The new Minister for Waterworks, Minister Yu (alternatively spelled Yü – and I'll give the secret away immediately, this is the semi-mythical, if not entirely mythical, 'larger than life' figure later known as Yu the Great, the Founding Father of the Chinese people), decided to try something else: out were dams; in were diversionary canals, i.e., canals that could divert the overflow elsewhere, as well as serve as reservoirs in their own right. The new flood control strategy worked so well that Minister Yu became a national hero, and, as so often happens – from Roman times down to the present – the famous general who wins the war becomes such a hero that he ends up scoring his boss' job, which is precisely what happened in the case of Minister Yu, who became Emperor Yu, or Yu the Great.
A real-world example of Minister Yu
It was Sun Shu-Ao (BCE ca.630-ca.593), a minister serving in the government of Chu State during the Spring and Autumn Period of the Eastern Zhou Dynasty. Sun eventually became Prime Minister and was commissioned to create various waterworks: irrigation canals, dams and reservoirs. Most, if not all, of the waterworks of PM Sun were focused on improving existing and/or extending agricultural land use to new areas.
For example, a dam might be designed to lightly flood a valley (with numerous reservoirs and sluices to regulate the water level) so that rice could be grown there. Reservoirs could hold water to be used to get through shorter drought periods, while canals could divert water to specific locales instead of having to flood entire areas. PM Sun made use of all of these tools to address the agricultural problems he faced. Much later, Sun Shu-Ao was recognized as China's first hydraulic engineer.
As the Spring and Autumn Period map below (Figure 4) indicates, Chu State sat in the heart of ancient China's "bread basket" that lay between the Yellow and the Yangtze Rivers – and, additionally, the Huai River ran through it. (An interesting observation, not related to the discussion at hand, but of interest to the armchair historian – of which there are surely a few among you? – is that the last two of the remaining Zhou Dynasty states by the end of the Warring States period, the Qin and Chu States, were not only large states (they had each absorbed lesser states), but were each situated on the perimeter, compared to the other states, as both the map immediately below (Figure 6) and the next map (Figure 7) shows, surely thus decreasing their vulnerability to attack. And speaking of vulnerability, given the importance of rivers in warfare during the period, and given the fact that all of China's major rivers in this part of the country flowed (flow!) from west to east (in particular, the Huai River), it was almost inevitable, caeteris paribus, that Qin State would be victorious over Chu State, it being a lot easier to slip downstream than upstream.)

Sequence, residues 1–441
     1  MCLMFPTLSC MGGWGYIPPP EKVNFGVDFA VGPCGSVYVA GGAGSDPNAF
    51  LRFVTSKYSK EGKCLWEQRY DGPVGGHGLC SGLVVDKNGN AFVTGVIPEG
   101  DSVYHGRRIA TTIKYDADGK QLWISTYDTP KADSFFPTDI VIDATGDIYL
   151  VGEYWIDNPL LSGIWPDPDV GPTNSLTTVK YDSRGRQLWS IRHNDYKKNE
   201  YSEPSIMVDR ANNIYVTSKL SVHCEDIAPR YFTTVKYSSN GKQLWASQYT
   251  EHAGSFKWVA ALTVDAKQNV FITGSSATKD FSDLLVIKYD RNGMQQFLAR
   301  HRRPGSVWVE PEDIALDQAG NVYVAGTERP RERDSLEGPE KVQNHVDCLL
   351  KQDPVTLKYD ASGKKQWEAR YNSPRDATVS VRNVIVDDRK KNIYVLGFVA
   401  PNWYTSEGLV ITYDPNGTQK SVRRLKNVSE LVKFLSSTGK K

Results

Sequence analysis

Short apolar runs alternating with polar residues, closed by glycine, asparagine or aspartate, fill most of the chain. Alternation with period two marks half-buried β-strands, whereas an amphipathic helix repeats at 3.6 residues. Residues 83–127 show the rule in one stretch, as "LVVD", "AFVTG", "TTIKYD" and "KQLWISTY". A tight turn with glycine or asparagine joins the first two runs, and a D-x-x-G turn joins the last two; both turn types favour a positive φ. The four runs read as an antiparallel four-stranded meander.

Fig 6: The Various States of the Spring and Autumn Period
One of the huge waterworks created by PM Sun is the reservoir known alternatively as Si-Si Pei, Shao Pei (Peony Dam) and Que pi hu (Que pi hu lake [芍陂湖]. This ancient reservoir exists still, though it known today as Anfeng Tang (Anfeng Reservoir), after extensive restoration (the reservoir was clogged with silt, mainly mud) by the government of the People's Republic of China.
Fig 7: The Remaining States of the Warring States Period, anno BCE 260
The ingenious practice of diverting the overflow of the Yellow River via flood canals continued down through the Tang Dynasty and Five Dynasties (CE 907-960) period. During these two historical periods, when there was much warring even if there was a certain degree of centralization of power during the Tang Dynasty (the warring was the result of wave after wave of Turkic nomadic invaders arriving from the north, the oldest waves becoming more and more Sinicized over time, therefore the relative peace that ensued during the Tang Dynasty in particular).